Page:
RCMP Musical Ride Coming To Leduc

Pipestone Flyer

The Royal Canadian Mounted Police (RCMP) will bring the Musical Ride to Amberlea Meadows on July 25th and 26th for Leduc and area residents. This will be the Ride’s second visit to Amberlea Meadows, as they demonstrated their skills in 2010. As in 2010, all net proceeds from the Musical Ride are in aid of the Kids with Cancer Society.

The RCMP began demonstrating their riding skills almost immediately after the force’s creation in 1873. Originally, the force was to be 150 strong, but within a year that number was doubled. George Arthur French was appointed the first permanent Commissioner of the NWMP. French was persistent in his efforts to recruit the best candidates, provide the best training, and establish high standards of discipline and morale.

A key component of the force was to be the horses the force would need to use. The Force’s horses came from all over Eastern Canada. The horse was a key component of early Canadian life. The early Force sought horses which were four to seven years old, at least fourteen hands high, and, would pay as much as $125 per horse.

The RCMP used the British Cavalry model and split the force into six troops of 50 men each. To distinguish each troop, horses of a particular color were assigned to the various troops. A Troop rode dark bay horses; B Troop rode dark brown horses; C Troop rode chestnut coloured horses; D Troop rode gray horses; E Troop rode black horses; and F Troop rode light bay horses.

Just prior to their March West, in 1874, the entire force went on Parade. It would be the first and only time that the entire force would take part in a demonstration of their horsemanship. It would not be until 1887 before a second demonstration was performed. This time it was held in Regina and consisted of 32 riders. This would become the standard for future rides, which became known as the Musical Ride. Early in the force’s history, several of the Troops carried the British lance, and it was adopted as part of the Musical Ride’s equipment. Today the lance is an exclusive part of the Ride.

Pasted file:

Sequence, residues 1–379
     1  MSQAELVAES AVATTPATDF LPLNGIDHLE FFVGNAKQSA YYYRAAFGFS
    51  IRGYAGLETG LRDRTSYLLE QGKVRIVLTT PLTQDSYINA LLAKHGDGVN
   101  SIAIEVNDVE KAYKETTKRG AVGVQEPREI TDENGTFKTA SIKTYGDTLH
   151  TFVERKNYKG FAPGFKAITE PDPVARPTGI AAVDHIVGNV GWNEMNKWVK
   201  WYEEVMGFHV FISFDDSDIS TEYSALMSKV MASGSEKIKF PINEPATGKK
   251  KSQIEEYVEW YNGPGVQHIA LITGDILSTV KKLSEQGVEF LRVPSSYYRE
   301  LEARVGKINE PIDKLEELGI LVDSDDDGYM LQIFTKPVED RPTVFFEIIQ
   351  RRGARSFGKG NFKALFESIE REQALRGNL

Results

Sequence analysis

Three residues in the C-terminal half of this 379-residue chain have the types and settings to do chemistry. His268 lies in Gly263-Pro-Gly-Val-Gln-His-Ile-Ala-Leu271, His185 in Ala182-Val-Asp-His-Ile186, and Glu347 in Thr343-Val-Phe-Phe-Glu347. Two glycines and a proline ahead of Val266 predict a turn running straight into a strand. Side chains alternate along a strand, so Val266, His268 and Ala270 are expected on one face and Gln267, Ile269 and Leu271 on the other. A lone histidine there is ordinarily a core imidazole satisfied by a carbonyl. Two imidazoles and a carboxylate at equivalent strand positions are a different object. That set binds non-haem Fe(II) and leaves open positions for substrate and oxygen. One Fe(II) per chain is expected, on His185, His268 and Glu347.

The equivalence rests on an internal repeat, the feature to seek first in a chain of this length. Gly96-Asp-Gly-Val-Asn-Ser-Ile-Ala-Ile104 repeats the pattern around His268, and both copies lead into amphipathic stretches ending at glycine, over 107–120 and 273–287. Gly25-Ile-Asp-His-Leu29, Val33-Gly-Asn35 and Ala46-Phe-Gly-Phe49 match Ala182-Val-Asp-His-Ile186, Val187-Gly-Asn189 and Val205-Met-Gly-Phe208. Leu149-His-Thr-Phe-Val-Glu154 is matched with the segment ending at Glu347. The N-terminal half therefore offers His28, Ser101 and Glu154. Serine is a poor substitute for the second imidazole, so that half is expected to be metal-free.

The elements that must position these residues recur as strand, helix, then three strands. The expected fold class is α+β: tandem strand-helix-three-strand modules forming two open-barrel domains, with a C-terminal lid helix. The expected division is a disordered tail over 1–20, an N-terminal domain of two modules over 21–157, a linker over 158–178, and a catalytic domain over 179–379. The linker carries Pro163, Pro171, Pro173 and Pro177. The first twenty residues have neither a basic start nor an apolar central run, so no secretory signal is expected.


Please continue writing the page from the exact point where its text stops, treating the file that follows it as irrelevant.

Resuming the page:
It would not be until 1901 when the general public was able to observe the RCMP Musical Ride. During World War I the force was again expanded, and in 1915, the Musical Ride used 60 members. It would be the largest demonstration performed by the force in public. After the war, the Ride was on the move and made its first performance overseas in, of all places, Vladivostok, Russia, before an audience of 10,000.

The Ride moved to Ottawa in 1921 but from 1921 to 1939 various Divisions would also perform Musical Rides within their assigned territories. It would not be until 1961 that a permanent home for the Ride was based in Rockcliffe in Ottawa. Since then, the Musical Ride has become known worldwide and is a major symbol of Canada. The Ride itself has matured from a unit of recruits in the final phase of their training, to a unit of volunteers from within the ranks of the Force, including women.

The Musical Ride has performed all over the world and the Leduc area is very fortunate to have this opportunity to enjoy the Ride in their backyard! The two performances will take place on July 25th, Friday evening, at 7:00 P.M and on Saturday, July 26th at 1:00 P.M. Tickets are $15.00 each or $60.00 for a family. Family includes up to five immediate family members. Under five-year old children are free. Remember, the net proceeds will go to the aid of the Kids with Cancer Society.

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